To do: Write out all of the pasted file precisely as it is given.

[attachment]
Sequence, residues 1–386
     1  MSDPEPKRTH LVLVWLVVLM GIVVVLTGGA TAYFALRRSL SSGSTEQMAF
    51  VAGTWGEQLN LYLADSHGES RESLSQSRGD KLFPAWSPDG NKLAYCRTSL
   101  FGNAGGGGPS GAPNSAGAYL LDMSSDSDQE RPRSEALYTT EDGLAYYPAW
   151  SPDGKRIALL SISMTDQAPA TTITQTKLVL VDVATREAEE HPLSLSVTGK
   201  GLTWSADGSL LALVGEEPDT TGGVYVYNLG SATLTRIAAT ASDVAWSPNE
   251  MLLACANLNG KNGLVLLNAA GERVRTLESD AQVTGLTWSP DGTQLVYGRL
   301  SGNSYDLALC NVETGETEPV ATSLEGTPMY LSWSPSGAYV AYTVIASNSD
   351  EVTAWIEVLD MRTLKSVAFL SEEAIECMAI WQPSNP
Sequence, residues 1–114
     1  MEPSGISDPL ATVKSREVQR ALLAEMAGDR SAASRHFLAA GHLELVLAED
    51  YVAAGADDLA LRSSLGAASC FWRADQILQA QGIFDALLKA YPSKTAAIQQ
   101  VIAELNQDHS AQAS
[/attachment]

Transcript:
Sequence, residues 1–386
     1  MSDPEPKRTH LVLVWLVVLM GIVVVLTGGA TAYFALRRSL SSGSTEQMAF
    51  VAGTWGEQLN LYLADSHGES RESLSQSRGD KLFPAWSPDG NKLAYCRTSL
   101  FGNAGGGGPS GAPNSAGAYL LDMSSDSDQE RPRSEALYTT EDGLAYYPAW
   151  SPDGKRIALL SISMTDQAPA TTITQTKLVL VDVATREAEE HPLSLSVTGK
   201  GLTWSADGSL LALVGEEPDT TGGVYVYNLG SATLTRIAAT ASDVAWSPNE
   251  MLLACANLNG KNGLVLLNAA GERVRTLESD AQVTGLTWSP DGTQLVYGRL
   301  SGNSYDLALC NVETGETEPV ATSLEGTPMY LSWSPSGAYV AYTVIASNSD
   351  EVTAWIEVLD MRTLKSVAFL SEEAIECMAI WQPSNP
Sequence, residues 1–114
     1  MEPSGISDPL ATVKSREVQR ALLAEMAGDR SAASRHFLAA GHLELVLAED
    51  YVAAGADDLA LRSSLGAASC FWRADQILQA QGIFDALLKA YPSKTAAIQQ
   101  VIAELNQDHS AQAS